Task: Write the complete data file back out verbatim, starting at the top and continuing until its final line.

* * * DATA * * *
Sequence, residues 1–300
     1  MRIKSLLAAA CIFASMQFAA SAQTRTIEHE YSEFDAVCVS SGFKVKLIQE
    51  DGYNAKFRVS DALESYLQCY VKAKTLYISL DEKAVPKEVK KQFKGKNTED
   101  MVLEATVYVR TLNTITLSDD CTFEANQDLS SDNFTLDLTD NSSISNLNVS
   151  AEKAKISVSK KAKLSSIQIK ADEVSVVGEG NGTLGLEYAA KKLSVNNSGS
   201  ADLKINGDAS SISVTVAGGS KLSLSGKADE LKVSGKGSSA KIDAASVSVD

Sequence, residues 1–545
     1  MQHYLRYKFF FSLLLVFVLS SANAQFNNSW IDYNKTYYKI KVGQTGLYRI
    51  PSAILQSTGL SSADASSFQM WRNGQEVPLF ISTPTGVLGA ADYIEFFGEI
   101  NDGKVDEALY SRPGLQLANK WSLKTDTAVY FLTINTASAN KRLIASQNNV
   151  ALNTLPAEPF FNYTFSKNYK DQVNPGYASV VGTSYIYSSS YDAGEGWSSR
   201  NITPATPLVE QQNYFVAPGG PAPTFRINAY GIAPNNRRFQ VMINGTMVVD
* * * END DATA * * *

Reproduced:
Sequence, residues 1–300
     1  MRIKSLLAAA CIFASMQFAA SAQTRTIEHE YSEFDAVCVS SGFKVKLIQE
    51  DGYNAKFRVS DALESYLQCY VKAKTLYISL DEKAVPKEVK KQFKGKNTED
   101  MVLEATVYVR TLNTITLSDD CTFEANQDLS SDNFTLDLTD NSSISNLNVS
   151  AEKAKISVSK KAKLSSIQIK ADEVSVVGEG NGTLGLEYAA KKLSVNNSGS
   201  ADLKINGDAS SISVTVAGGS KLSLSGKADE LKVSGKGSSA KIDAASVSVD

Sequence, residues 1–545
     1  MQHYLRYKFF FSLLLVFVLS SANAQFNNSW IDYNKTYYKI KVGQTGLYRI
    51  PSAILQSTGL SSADASSFQM WRNGQEVPLF ISTPTGVLGA ADYIEFFGEI
   101  NDGKVDEALY SRPGLQLANK WSLKTDTAVY FLTINTASAN KRLIASQNNV
   151  ALNTLPAEPF FNYTFSKNYK DQVNPGYASV VGTSYIYSSS YDAGEGWSSR
   201  NITPATPLVE QQNYFVAPGG PAPTFRINAY GIAPNNRRFQ VMINGTMVVD